Customers proved to be even less tolerant when they are left waiting on hold when they call a retailer with a question. Only 34% said they would stay on the phone for an average of 90 seconds. The biggest frustration for curstomers when calling a retailer, according to the data, is not knowing where they are in the queue (80%), while 74% cited being directed to a foreign call center and 68% cited the cost of the call.

Nearly two-thirds of consumers surveyed said they believe retailers need to make call centers more user-friendly and 42% think making more information online will improve customer service.

Lisa Dolphin, retail specialist at Mitel, said, "While retailers recognize the importance of the in-store customer experience and invest in displays, lighting and other mood enhancements, the telephone experience is often overlooked. With the emergence of IP communications there is no excuse for customers to be kept waiting in call queues indefinitely or worrying about the cost of the call."

Monday, August 6, 2007

Foot Locker May Be Perfect
Fit For A Potential Buyer

By Andrew Gaffney

There hasn’t been a lot of good news coming the headquarters at Foot Locker lately. The specialty athletic retailer recently notified analysts that they would post a second quarter loss, driven by significant inventory markdowns. Comp store sales are expected to drop between 7 and 8% for the period. On top of that, Foot Locker doubled the number of unprofitable stores to be shuttered this year to 250.

Foot Locker appears to be dress up its financial ledger for a potential buyer. The company recently announced that it retained Lehman Bros. to explore “strategic alternatives.”

Despite the slumping sales at Foot Locker, a few of the changes to point some silver linings for a potential buyer, including:

  • The new executive suite looks strong, after a recent reshuffle. Keith Daly, current president/CEO of Foot Locker Europe, taking over the U.S. operation is a great move. Daly is one of the best merchants and will get the chain back in front of trends.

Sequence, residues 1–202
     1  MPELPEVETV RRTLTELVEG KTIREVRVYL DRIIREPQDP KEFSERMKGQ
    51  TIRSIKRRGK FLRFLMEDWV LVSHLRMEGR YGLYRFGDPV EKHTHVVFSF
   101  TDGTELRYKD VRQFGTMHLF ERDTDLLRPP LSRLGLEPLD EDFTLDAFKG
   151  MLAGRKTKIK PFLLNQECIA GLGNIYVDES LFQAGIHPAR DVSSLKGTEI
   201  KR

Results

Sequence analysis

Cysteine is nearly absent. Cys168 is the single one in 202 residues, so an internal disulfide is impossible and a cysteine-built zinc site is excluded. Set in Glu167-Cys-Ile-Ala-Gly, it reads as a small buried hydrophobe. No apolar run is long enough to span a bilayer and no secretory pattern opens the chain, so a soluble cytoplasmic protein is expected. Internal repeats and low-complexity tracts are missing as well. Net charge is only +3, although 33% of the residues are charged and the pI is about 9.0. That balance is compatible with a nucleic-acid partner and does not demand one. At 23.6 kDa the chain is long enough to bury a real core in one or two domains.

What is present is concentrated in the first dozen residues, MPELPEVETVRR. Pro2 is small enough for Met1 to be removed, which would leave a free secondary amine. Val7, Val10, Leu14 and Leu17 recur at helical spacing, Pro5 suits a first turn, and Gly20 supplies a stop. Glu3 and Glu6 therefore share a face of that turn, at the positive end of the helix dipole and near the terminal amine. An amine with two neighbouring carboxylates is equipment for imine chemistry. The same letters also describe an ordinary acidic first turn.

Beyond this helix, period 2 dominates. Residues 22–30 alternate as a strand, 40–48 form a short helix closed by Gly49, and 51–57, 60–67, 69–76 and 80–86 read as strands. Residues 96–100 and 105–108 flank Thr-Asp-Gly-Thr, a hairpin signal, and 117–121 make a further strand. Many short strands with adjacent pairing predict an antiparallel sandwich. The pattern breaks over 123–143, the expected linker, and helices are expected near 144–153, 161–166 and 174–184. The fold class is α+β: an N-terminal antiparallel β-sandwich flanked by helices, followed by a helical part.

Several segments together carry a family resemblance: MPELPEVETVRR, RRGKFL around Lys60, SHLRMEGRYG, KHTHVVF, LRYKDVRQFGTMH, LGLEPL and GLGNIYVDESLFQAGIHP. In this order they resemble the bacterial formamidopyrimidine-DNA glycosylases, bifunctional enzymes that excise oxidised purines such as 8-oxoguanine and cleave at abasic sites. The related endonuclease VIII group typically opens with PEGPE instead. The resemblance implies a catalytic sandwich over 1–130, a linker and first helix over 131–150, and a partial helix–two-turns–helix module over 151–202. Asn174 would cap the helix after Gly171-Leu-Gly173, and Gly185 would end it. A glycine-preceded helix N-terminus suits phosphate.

• The partnership with Nike on the planned House of Hoops stores could be the first fresh offering from Foot Locker in over a decade. This partnership is also significant because Foot Locker has had some fairly public feuds with Nike in the past, so the fact that two companies are working together on the Hoops concept can only be healthy for both.
  • Outside of the U.S., Foot Locker is still doing fairly well. While they are closing unprofitable stores here in the U.S. they are planning to add up 30 new locations in Europe in 2008. Dick Johnson, another strong executive within the company, will be taking the reins in Europe from Daly so international growth should still be strong.

Wednesday, August 1, 2007

New Blockbuster CEO Faces Long Line Of Challenges
By John Gaffney, Contributing Editor

Retailing is an active verb. It requires that companies that consider themselves retailers actively generate demand for their products or services. When I look at some of the retailing business models that are under siege these days, I wonder if the ones in danger understand the economics of demand.

Entertainment retailing is one of those retail business models that has taken some knockout blows from new delivery platforms. It’s still staggering. Record stores? All but done. Book stores? Having a tough time. Video stores? Blockbuster, the category leader, has posted losses in 9 of the last 10 years. In the first quarter alone, Blockbuster reported a net loss of $46.6 million, compared with $1.9 million of red ink in the same period last year.